Fun Southern Enemies To Lovers Romance. The title of this review tells you most everything you need to know here. This book has quite a few moving parts, but overall they work together to create a solid, fun Southern romance – in this case, centered on the titular barbecue and the retelling of Shakespeare’s Much Ado About Nothing. The intricacies of barbecue – and no, you damn Yankees and foreigners from other nations (joking, an allusion to Southern comic Jeff Foxworthy’s “Redneck Games”), simply putting something on a grill is not “barbecueing”, nor is the grill itself a “barbecue” – are discussed well, but always in context with and service to the overall story and character development. Small town southern life, with all of its greatness and pitfalls, are also shown well – yes, including the one person who claims to be able to speak to ghosts. The pranks are mostly in the past, and it is always quite clear that they were in the past. The reasons for the enmity between the leads are compelling, tragic, and completely “reasonable”-ish for where the characters were at those points, and the slow-burn nature of the romance allows both to see that perhaps there is more to the adult versions of each other than they remember of the kid versions. And that perhaps there was more going on with the kid versions that their own kid versions didn’t fully know about. For the clean/ sweet crowd, this has very minor cussing – including a grandma who actively admonishes such words in her presence – and no even fade-to-black sex. (Some heavy kissing though, for those more absolutist against absolutely anything physical.) Oh, and there is a more minor subplot – revealing even its nature would be a spoiler – that is refreshing, accurate… and yet still feels mostly thrown in due to the author’s own political leanings. It totally works, and it is nice to see an author defying the normal conventions of the genre to even subtly go there, and yet it also *does* feel a bit forced, as though this was a wrinkle intentionally placed to draw the eye away from the actual main subject to a degree. Still, on the whole a solid, fun romance novel that does a great job of explaining Southern Barbecue, and very much recommended.
Opens With A Bang. Ends With Promise. If you read MM romance virtually at all, you pretty well know that porn level sex is almost a requirement of the genre. Even then, I’ve rarely if ever seen a book actually open in the middle of a sex scene… and yet, this one does. 🙂 So you know up front what you’re literarily “walking in on”. 🙂 Beyond that, this works well to set up a series that can in theory run as long as Pine wants it to. There *seem* to be a couple of (possible) connections that more trivia-minded readers might know the specifics of – the Inn in Vermont where half of the couple works for a time seems to be tied into the Valentine’s Inc stories that Pine has taken part in, and another scene takes place in Salem, MA – home to Pine’s long-running Cold Case Psychic world, though it could also be a tie in to her less-paranormal oriented Protect and Serve series. One character in particular seems particularly well set up for Book 2, but Pine may choose instead to continue letting that particular storyline simmer in the background a bit longer – even though that particular character has one of the more interesting ideas I’ve seen in my (admittedly scant) reading of paranormal books over the years. In other words, truly solid story here that has a lot to carry – and manages to pull it off. Very much recommended.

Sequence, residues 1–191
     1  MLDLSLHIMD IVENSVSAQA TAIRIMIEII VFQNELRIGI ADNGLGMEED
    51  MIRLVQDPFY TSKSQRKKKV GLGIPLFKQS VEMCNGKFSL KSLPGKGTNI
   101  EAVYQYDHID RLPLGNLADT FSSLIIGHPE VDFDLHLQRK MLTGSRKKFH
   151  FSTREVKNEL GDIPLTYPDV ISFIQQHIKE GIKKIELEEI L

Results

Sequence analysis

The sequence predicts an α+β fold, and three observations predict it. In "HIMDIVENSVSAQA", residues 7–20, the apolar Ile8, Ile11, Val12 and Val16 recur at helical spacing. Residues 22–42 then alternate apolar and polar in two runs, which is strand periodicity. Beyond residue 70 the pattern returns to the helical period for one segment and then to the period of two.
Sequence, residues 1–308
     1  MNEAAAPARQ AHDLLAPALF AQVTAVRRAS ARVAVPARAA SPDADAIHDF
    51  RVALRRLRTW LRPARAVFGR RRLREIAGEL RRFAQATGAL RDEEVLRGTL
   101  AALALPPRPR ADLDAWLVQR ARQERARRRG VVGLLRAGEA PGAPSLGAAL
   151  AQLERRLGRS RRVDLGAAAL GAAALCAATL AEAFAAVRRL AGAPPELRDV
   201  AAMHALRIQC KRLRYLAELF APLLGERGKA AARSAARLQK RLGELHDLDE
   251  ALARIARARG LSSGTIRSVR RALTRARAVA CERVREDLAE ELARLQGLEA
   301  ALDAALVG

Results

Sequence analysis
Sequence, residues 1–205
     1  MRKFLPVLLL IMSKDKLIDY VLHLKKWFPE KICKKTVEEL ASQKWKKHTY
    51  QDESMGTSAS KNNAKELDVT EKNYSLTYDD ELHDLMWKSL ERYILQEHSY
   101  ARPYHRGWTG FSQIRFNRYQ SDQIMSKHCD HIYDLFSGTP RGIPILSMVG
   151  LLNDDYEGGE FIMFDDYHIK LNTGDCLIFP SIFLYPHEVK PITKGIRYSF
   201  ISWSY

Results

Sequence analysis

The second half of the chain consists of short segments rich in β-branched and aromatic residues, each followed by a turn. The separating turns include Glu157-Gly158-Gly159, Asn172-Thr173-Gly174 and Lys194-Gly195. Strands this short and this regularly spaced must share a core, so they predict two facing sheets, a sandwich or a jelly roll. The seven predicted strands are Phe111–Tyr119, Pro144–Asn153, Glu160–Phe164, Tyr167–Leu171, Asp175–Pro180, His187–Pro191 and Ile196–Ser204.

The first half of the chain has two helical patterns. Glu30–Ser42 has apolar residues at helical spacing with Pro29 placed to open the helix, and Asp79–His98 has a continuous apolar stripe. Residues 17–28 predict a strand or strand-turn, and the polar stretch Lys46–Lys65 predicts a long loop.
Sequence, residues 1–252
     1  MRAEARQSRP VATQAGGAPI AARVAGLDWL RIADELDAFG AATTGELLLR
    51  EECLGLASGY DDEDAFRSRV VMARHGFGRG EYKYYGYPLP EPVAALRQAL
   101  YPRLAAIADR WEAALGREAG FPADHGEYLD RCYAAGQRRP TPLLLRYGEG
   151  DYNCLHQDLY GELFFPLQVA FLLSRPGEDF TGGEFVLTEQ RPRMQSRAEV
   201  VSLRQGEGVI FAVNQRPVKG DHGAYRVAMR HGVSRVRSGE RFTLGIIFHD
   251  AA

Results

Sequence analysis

Solid, Fun, and Quick Read. At just 76 pages long, this tale doesn’t have much length to work with in setting up a world and executing a story within it – and yet it manages to do exactly this remarkably well, proving literary “size queens” wrong in the process. Here, you get a fun tale of a South African safari Christmas trip complete with baby rhinos and big cats… and a dose of paranormal more of the “Loki transitioning to Asgardian Armor in Germany” from the first Avengers movie than swords and sorcery “what the hell is happening, this was supposed to be set in the real world” type. Indeed, arguably its only weakness – that based on the other reviews, might actually be a feature – is its leaning perhaps too hard on the lead male – Chris, no less – being described as Chris Hemsworth / Thor in virtually every scene he is even mentioned in. Still, for what it is and what it is able to do, this is truly a solid work, one that is fairly easily and comfortably set up as a series introduction and one whose series sounds promising. Very much recommended.
This entire spinoff series has been my entry point into Pine’s universe, and I’ve been very impressed so far. She manages to bring the paranormal and the normal together in ways rarely seen in other similar efforts, all while keeping the series focused on the people involved even as the individual books feature specific cases. (As the better long running series – in any medium – tend to do.)
This particular book is a typical entry in that vein – we open up dealing with the aftermath of the ending of Ghost of a Chance (Book 5), and because of that at minimum that book needs to be read before that one. But even that book deals with the events from the very first book in this spinoff series, Ghost of Himself. (And on and on and on :D) So read all six books – because by the end of this one Pine basically calls her shot with presumably the next book, and it is one that has been building since even before this spinoff series began.
This book in particular was Pine’s usual excellence in storytelling and execution, and I am very much looking forward to Book 7! 🙂
And with that… the Goodreads/ Amazon review:
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